Cuomo signs law banning unauthorized filming of neighbors
Press Release, Gov. Andrew Cuomo’s Office
Governor Andrew M. Cuomo today signed legislation to crack down on the unauthorized invasion of privacy by video surveillance.
Following reports of cameras being installed to unlawfully videotape neighboring private property, this bill (S.870A/A.861A) establishes a private right of action for damages for an unlawful invasion of privacy in an individual’s backyard.
“Everyone should be able to feel safe in their own home and in their own back yard,” Cuomo said. “This legislation will crack down on disturbing behavior and give New Yorkers legal recourse and peace of mind in order to protect their privacy and potentially their own personal safety.”
Unlawful surveillance was made a crime in 2003, however, it only establishes criminal penalties for unlawful video surveillance when the videotaping occurs in a setting with a “reasonable expectation of privacy” (i.e., a bathroom or changing room), or if a perpetrator had to trespass on property to videotape or install a camera.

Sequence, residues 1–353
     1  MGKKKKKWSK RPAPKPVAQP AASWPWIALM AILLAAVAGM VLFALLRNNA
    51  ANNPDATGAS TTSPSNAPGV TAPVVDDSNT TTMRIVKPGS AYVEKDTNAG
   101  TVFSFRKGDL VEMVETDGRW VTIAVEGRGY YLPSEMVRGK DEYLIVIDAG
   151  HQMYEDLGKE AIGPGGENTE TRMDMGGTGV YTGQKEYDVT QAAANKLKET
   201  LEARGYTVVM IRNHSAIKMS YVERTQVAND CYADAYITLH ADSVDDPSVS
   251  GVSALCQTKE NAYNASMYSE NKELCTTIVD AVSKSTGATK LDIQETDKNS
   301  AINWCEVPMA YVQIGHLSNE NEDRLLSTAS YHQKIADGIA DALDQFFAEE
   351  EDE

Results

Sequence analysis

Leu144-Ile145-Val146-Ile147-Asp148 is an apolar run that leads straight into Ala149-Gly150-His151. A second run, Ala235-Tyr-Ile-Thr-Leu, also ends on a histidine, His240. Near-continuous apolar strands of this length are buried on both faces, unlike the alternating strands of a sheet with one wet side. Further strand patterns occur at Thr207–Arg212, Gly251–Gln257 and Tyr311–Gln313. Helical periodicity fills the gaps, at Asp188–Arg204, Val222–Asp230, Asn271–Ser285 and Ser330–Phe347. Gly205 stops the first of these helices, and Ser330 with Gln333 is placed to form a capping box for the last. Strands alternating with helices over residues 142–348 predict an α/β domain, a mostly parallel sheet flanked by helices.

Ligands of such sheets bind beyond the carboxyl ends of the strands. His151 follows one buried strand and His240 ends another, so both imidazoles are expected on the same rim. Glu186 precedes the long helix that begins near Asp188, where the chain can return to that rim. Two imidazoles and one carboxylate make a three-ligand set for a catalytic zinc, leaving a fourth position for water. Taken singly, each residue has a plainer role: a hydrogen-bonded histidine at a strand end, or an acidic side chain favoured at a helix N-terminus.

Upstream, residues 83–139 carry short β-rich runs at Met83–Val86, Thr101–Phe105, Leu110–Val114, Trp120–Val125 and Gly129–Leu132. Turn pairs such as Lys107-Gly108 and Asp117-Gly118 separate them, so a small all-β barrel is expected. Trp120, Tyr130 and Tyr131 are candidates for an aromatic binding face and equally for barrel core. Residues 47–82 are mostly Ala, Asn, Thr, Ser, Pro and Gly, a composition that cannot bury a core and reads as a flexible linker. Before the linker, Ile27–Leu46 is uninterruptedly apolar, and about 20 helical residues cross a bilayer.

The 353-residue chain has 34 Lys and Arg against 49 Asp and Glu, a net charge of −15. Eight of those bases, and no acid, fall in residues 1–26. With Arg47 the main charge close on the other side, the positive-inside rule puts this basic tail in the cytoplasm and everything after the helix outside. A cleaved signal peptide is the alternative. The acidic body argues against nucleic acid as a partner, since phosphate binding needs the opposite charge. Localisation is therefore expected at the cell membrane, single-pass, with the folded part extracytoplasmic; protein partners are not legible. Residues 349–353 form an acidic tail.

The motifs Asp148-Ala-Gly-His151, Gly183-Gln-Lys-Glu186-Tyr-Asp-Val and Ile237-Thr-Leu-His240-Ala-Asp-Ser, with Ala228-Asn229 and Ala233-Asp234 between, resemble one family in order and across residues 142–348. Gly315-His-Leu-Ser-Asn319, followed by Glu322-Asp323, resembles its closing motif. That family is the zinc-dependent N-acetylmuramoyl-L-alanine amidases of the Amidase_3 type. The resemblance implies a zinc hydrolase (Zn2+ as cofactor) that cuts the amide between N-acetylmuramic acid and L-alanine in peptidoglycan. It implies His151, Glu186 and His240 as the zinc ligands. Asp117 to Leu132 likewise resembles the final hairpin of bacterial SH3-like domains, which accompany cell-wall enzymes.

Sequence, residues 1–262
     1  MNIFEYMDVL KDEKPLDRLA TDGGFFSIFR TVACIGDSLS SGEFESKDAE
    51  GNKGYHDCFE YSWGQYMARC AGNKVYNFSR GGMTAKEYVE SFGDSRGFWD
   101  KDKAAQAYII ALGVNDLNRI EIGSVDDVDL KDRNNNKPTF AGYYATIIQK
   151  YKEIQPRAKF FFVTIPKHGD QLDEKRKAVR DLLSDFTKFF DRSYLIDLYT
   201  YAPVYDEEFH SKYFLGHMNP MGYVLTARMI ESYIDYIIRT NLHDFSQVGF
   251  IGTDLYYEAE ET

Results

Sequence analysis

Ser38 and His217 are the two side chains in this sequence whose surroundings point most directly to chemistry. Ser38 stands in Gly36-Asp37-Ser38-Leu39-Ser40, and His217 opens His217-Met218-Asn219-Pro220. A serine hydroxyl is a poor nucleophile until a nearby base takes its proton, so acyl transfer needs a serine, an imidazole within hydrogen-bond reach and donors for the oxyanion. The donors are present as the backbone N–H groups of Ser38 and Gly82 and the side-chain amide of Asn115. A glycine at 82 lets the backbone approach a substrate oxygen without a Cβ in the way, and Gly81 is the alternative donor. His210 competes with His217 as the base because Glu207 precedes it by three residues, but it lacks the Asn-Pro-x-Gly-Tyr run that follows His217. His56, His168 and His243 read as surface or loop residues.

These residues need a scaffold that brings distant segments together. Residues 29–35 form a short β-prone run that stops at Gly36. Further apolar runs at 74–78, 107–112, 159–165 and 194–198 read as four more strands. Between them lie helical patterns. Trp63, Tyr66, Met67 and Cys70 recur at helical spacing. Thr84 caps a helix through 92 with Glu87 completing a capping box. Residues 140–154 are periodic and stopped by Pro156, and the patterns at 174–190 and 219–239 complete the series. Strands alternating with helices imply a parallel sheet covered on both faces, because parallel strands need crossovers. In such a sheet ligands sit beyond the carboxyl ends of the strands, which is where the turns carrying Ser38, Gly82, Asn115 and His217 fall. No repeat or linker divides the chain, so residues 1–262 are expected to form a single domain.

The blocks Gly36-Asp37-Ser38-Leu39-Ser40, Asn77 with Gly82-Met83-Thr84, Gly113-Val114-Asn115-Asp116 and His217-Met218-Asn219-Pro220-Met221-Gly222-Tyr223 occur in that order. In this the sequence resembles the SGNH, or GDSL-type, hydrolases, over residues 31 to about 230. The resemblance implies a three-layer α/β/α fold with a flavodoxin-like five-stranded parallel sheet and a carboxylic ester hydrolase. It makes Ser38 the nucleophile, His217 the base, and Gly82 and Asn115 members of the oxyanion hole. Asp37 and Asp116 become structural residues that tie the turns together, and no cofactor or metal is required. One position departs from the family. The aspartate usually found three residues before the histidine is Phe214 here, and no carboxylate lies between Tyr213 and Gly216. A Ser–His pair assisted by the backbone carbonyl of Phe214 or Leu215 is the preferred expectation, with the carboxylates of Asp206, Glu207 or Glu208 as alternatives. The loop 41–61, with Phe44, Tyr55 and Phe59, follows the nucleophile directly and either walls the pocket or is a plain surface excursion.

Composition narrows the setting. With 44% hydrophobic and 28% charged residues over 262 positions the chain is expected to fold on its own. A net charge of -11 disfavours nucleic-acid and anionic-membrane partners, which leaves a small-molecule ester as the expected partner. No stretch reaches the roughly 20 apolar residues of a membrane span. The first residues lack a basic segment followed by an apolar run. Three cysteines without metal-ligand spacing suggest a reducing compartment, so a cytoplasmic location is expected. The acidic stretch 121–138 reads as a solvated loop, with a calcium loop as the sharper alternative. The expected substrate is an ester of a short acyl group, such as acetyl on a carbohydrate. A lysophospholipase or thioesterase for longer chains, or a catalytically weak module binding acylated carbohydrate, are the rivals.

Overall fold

This bill provides additional protections for homeowners, giving them the ability to sue a neighbor for invasion of privacy if the neighbor secretly records recreational activities in their backyard.
Senator Catharine Young said, “Protecting the privacy of New Yorkers is paramount to ensuring a sense of security for individuals and families on their own property. This legislation will extend protections for an individual’s right to privacy in their own backyard while cracking down on illicit invasions of privacy that may occur on their property. I applaud the Governor for signing this important bill into law today.”
Assemblyman Edward C. Braunstein said, “It is disturbing that some individuals have been purposely filming their neighbors, including young children, in their backyards. Since I introduced this legislation in the Assembly, I have heard from people around the state who have been victimized by this practice. This law will provide families with legal recourse in the event that someone tries to invade the privacy they deserve in their backyards.”